Covid 19 Delta outbreak: Auckland border explained – what you need to do to get out

Lockdown-fatigued Aucklanders now have hope of a Christmas outside the City of Sails after today’s announcement that the region’s border will relax next month.

As revealed by Prime Minister Jacinda Ardern, travel will be allowed for some from December 15, which will mark almost four months in alert level 4 and 3 lockdowns for Auckland residents.

But who can get through? Who can come in? What does this mean for the rest of the country?

Here are answers to some of the basic questions regarding today’s Auckland border announcement.

I live in Auckland, when can I leave?

As mentioned above, December 15 – which is a Wednesday – is the day when certain Aucklanders can leave the city.

Technically, the border relaxation will come into force at 11.59pm on December 14, but most travellers will be packing their cars for a Wednesday departure.

Ten days out from Christmas, it should allow everyone to travel where they wish to celebrate the holiday with loved ones.

Do I need to be vaccinated or test negative for Covid-19?

Yes, only people who are fully vaccinated – having had two doses of either the Covid-19 vaccine – or those who have tested negative for Covid-19 within 72 hours of departure will be allowed through the border from December 15.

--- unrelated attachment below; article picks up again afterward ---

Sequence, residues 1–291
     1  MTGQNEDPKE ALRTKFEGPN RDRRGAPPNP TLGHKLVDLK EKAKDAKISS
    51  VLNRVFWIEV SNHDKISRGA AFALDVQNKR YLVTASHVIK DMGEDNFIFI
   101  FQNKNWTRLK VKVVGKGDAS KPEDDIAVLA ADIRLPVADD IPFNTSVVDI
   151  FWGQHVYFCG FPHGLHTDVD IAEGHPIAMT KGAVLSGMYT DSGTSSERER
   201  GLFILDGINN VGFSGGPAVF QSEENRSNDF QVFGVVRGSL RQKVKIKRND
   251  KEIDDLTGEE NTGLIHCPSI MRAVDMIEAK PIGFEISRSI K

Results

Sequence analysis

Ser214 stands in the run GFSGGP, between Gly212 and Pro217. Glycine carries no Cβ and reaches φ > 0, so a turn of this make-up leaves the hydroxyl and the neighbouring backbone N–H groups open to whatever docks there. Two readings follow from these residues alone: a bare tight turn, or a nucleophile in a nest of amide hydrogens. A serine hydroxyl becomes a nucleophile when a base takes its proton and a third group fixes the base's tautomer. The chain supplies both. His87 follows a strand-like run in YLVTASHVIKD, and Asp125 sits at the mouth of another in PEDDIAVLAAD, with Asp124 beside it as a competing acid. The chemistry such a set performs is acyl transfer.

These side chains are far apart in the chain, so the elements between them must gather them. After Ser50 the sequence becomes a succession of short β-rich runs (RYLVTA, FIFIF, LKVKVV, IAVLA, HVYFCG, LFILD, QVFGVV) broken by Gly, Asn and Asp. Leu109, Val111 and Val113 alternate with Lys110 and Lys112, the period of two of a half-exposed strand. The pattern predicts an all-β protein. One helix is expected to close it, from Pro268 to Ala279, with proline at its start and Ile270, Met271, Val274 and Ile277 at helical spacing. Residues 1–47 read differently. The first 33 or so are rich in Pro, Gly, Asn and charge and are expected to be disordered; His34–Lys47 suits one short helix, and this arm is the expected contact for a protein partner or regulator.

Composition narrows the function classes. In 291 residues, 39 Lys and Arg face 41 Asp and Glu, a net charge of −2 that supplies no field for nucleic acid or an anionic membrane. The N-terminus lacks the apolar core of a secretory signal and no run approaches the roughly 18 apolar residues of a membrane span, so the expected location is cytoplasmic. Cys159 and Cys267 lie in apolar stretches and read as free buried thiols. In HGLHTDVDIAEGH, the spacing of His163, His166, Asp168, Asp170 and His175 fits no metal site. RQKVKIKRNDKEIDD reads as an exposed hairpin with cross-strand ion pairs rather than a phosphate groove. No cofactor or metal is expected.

Prior to the announcement, it was speculated people moving through the border would need to be vaccinated and test negative prior to travel. However, that is not the case – it is one or the other.

There is a three-week gap required between the two vaccine doses which means anyone yet to get a vaccination will need to have had one dose by Tuesday, November 23 – to allow them to get their second dose on December 14.

Director-general of health Dr Ashley Bloomfield has often referenced a two-week period following a person’s second dose, after which their protection from the virus is maximised.

However, it is not necessary to have waited two weeks after your second dose to move through the border, people simply need to have had their second vaccine.

I live outside of Auckland, can I travel into the city from elsewhere?

Yes, the same rules apply to people going in and out of the city. Any people wishing to visit Auckland will need to either be vaccinated or test negative 72 hours prior to travelling.

How can I prove my vaccination status?

By the time the border is relaxed, people will be able to access their Government vaccination certificate, which can be used to prove vaccination history – alongside another form of identification like a passport, driver’s licence or birth certificate.

Vaccinated people can log onto My Covid Record to make a request for the free pass or call 0800 222 478.

What if I want to go to Auckland for a day trip?

This is where vaccination becomes a key asset. For people with both vaccinations, they will be able to move freely across the border with no concern for how long they’ve stayed in Auckland.